I tried Geocaching twice today and found nothing including the point, but enjoyed reading about the buildings near where the deposits where supposedly placed, which to be fair perhaps is the point. I can't see why I should traipse around looking for an old camera film tube someone's jammed by the roadside and which has probably been swept up by council refuse. (Sorry, grumble over now). Better however, and where you can be sure of the information's authenticity, is the "Dozens and Trails" App from the new Library of Birmingham (I hope not so called because of any plan to close the others) or Central Library to older Brummies. Plenty of archival photographs of sights and documents, and information on local landmarks and history. Writers include historian Dr Chris Upton who used to work for the library and knows his material, having conducted tours, written books and articles and newspaper columns for some years now. The trails section has four themed tours such as public statues and Birmingham on sixpence a day, the latter taking you though the associations woth poverty many experienced here, as embodied by the old workhouses (now City Hospital, for example). Great advantages over Geocaching: you can see the objects and you know there'll be there ... and they're worth investigating. You'll find new things if you're an old Brummie, and a valuable introduction to the city if you're new here but interested in more than just sleeping or going for a drink. "Dozens" has the archive material, on all sorts of topics from community libraries to James Watt and family and World War 2 propaganda.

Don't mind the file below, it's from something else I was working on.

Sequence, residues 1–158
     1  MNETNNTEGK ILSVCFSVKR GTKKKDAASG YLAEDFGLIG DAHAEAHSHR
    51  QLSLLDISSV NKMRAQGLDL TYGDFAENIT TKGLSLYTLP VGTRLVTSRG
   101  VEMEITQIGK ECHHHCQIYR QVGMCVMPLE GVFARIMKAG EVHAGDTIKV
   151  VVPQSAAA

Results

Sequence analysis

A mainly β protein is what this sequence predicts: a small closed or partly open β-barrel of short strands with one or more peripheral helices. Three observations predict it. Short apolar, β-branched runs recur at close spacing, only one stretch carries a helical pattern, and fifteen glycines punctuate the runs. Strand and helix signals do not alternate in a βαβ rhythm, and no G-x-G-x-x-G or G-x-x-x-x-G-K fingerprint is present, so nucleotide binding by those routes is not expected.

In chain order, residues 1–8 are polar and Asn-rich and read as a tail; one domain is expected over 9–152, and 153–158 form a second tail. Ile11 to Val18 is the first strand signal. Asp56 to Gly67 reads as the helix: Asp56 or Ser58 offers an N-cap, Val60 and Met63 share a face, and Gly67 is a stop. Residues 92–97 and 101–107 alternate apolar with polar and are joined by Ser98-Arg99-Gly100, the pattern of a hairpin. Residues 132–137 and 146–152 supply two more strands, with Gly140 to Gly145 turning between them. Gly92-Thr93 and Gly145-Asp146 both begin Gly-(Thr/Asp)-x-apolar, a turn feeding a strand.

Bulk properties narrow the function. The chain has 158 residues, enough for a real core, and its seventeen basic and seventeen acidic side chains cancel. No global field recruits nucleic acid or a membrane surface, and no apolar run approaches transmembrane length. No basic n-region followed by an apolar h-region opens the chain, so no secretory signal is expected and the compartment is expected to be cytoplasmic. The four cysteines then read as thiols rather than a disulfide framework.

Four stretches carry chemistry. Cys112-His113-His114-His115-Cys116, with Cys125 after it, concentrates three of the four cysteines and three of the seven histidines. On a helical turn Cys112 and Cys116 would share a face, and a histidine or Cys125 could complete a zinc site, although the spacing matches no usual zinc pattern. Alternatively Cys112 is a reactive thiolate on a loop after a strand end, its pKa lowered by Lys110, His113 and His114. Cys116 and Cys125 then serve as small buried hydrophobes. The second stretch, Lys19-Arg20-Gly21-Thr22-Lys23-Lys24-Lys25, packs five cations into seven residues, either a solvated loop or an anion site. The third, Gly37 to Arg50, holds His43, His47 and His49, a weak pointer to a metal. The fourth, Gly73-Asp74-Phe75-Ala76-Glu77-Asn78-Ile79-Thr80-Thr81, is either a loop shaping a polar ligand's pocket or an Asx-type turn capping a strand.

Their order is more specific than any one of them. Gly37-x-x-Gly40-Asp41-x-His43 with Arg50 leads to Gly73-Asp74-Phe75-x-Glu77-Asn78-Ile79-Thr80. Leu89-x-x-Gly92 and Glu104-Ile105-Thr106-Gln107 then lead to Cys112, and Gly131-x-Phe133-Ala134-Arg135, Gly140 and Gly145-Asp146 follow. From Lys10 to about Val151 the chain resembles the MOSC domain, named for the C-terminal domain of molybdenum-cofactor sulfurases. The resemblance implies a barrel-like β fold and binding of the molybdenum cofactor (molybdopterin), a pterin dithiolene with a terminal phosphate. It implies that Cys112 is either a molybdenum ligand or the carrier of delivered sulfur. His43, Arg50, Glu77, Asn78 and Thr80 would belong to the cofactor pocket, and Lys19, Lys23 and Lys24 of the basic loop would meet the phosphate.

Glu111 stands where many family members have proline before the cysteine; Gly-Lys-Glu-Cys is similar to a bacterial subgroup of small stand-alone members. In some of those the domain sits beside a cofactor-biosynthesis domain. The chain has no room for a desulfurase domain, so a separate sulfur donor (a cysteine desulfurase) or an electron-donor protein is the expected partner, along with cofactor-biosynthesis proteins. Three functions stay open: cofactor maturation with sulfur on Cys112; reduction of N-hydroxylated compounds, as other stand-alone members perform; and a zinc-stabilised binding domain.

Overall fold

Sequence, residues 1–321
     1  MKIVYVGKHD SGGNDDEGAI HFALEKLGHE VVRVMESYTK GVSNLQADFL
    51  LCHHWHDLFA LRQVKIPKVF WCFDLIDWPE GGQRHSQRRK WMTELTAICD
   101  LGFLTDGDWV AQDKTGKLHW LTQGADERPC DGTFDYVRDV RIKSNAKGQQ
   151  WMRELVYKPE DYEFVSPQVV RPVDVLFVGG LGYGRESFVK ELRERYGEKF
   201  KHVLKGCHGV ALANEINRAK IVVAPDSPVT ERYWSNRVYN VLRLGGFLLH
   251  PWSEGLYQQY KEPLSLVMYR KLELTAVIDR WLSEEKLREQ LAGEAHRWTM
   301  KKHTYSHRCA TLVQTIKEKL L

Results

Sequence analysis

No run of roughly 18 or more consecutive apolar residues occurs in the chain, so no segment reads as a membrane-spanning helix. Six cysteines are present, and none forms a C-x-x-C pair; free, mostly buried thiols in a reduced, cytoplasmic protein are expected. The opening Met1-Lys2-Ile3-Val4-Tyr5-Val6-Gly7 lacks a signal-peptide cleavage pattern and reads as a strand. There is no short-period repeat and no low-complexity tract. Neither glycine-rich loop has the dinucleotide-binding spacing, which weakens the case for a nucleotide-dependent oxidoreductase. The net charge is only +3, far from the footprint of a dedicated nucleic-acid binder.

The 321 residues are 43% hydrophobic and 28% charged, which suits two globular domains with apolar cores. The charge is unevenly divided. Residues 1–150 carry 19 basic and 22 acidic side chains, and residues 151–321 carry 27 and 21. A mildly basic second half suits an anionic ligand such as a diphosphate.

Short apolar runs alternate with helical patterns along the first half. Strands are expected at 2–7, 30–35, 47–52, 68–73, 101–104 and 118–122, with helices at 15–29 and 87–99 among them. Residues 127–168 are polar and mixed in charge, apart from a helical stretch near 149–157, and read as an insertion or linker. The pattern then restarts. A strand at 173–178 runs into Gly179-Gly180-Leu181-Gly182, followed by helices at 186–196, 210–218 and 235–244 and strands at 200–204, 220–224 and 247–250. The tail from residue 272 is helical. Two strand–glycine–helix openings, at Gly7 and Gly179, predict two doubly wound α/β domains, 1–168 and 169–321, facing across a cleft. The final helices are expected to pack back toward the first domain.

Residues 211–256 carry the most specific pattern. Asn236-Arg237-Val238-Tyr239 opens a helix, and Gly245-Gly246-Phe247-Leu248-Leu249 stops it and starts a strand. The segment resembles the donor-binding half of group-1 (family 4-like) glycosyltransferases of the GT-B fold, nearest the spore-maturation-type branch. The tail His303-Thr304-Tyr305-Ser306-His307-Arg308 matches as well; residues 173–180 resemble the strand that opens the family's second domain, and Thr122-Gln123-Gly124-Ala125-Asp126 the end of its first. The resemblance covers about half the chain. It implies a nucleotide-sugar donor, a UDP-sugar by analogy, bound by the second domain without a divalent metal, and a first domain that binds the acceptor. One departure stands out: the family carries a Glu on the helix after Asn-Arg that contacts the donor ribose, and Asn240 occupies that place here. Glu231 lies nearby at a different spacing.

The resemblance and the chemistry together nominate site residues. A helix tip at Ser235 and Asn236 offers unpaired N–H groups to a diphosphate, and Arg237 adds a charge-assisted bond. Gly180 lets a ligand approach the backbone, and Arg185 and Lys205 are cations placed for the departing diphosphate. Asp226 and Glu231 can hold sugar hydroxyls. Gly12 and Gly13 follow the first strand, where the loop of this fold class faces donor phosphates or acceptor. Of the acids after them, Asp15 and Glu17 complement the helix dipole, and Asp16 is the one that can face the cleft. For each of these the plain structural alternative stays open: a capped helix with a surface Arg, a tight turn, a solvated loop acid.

George I and his sheep outside the British Library, smart hotel in an old Georgian house on Montague Street (very) near the British Museum, and a view from the hill - Hampstead Heath and (I think) Parliament Hill zooming in to a London skyscape.
Managed two and a bit days in London between Christmas and New Year, with requisite museum and gallery visits, this time the wonderful exhibition of Columbian gold and other artefacts at the British Museum - El Dorado - - see museum web pages for details -. The smaller upstairs exhibitions at the BM I personally prefer to those in the larger space downstairs, more personal and less threadbare at the edges than the boarding tends to be on the ground floor.
The British Library has another well-presented, informative but not overwhelming presentation - they always seem to get just the right balance of education, challenge and attractive layout, using extensive, developing a theme of how a period in history is relevant to the modern day - commerce and inequality, coffee, politics and satire, and Birmingham at the centre of the canal network and manufacturing (honest, though perhaps the manufacturing isn't so true any more, sadly ... ). British Library - Georgians Revealed, on till March 2014.
Finally, on to the Royal Academy and the posh new members' cafe ;-) , now extended, with entertainment from the members and always enjoyable exhibitions, this time Honore Daumier works in 'Visions of Paris". Social realism and technical quality which apparently influenced many other better-known artists.